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6 pages of sling projectile photographs (Read 1423 times)
AncientCraftwork
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6 pages of sling projectile photographs
Jun 15th, 2021 at 7:43am
 
Click on ''related objects''
https://www.britishmuseum.org/collection/term/x9129
It also has the dimensions of the projectiles.
So I learned that the Lachisch slingstones weight between 250 and 350 grams
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TOMBELAINE
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Re: 6 pages of sling projectile photographs
Reply #1 - Jun 15th, 2021 at 11:17am
 
I started looking at.
Smiley
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Sarosh
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Re: 6 pages of sling projectile photographs
Reply #2 - Jun 15th, 2021 at 5:17pm
 
I wonder how fast was the transition from sphere to biconicals for made ammo. I knew what is an aerodynamic shape before I started slinging but I saw the difference later and I knew what to look for...
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Morphy
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Re: 6 pages of sling projectile photographs
Reply #3 - Jun 15th, 2021 at 7:17pm
 
Sarosh wrote on Jun 15th, 2021 at 5:17pm:
I wonder how fast was the transition from sphere to biconicals for made ammo. I knew what is an aerodynamic shape before I started slinging but I saw the difference later and I knew what to look for...


This is a question that could apply to a lot of primitive tech. Makes me wonder as well.
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Hirtius
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Re: 6 pages of sling projectile photographs
Reply #4 - Jun 15th, 2021 at 8:40pm
 
Sarosh wrote on Jun 15th, 2021 at 5:17pm:
I wonder how fast was the transition from sphere to biconicals for made ammo. I knew what is an aerodynamic shape before I started slinging but I saw the difference later and I knew what to look for...


Probably not quickly in the total history of the sling, but it might be older than you think. There are biconical projectiles from the West Coast of the US and northern Venezuela going back thousands and thousands of years. Maybe Iím misremembering, but biconicals might have been used in those regions of the Americas as early as 8000 BCE. Iíll have to double check.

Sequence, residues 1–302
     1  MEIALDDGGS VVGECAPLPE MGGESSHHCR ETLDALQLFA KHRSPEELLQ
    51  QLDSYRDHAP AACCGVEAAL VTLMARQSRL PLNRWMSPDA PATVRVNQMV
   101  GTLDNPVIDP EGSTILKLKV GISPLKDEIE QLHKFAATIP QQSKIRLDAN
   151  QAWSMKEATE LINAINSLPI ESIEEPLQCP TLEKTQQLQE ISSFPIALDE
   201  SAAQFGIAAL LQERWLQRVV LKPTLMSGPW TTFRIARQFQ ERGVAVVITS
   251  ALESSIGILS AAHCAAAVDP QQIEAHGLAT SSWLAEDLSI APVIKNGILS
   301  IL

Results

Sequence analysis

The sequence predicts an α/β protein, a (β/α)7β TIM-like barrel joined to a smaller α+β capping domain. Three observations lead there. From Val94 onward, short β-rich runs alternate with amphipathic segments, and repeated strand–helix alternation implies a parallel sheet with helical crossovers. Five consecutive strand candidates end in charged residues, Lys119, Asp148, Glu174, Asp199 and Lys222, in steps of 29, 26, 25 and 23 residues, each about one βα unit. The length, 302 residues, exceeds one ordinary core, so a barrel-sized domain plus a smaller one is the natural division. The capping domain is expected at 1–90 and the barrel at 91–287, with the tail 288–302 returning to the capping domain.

Edit: According to Gigi and Robert York, 8,000 YA (6000 BCE) is a conservative element for some suspected North American biconical sling stones. The other end is 13,000 YA (11,000 BCE), only a few thousand years after the populating of the continents. The sites where the evidence comes from are the Mount Hebron and Borax Lake sites. The Yorkís also state that these artifacts started to disappear around 1000 BCE to 500 BCE, though the Gunther island site has biconicals and dates back to only around 900 CE. The best known site here where biconicals were found was the Lovelock cave site, which we already know dates back to 1200 BCE.
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« Last Edit: Jun 15th, 2021 at 11:27pm by Hirtius »  
 
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Curious Aardvark
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Re: 6 pages of sling projectile photographs
Reply #5 - Jun 16th, 2021 at 8:08am
 
it just starts with people finding and throwing different shaped rocks.
The ones that fly best are then targeted and when they run out people decide to make their own.

The interesting thing is that there are quite  a few asymmetrical pear shaped stones there.
I'll have to try that at some point.
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AncientCraftwork
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Re: 6 pages of sling projectile photographs
Reply #6 - Jun 16th, 2021 at 8:25am
 
I don't think the sphere is made obsolete by the biconical. Only for distance and penetration the biconical is better. But with the sphere I can sling inline and my accuracy at short distances is greatly improved, it feels amazing. I believe the cortalloid sling with the special grooved projectile is also slung inline, but I am not sure.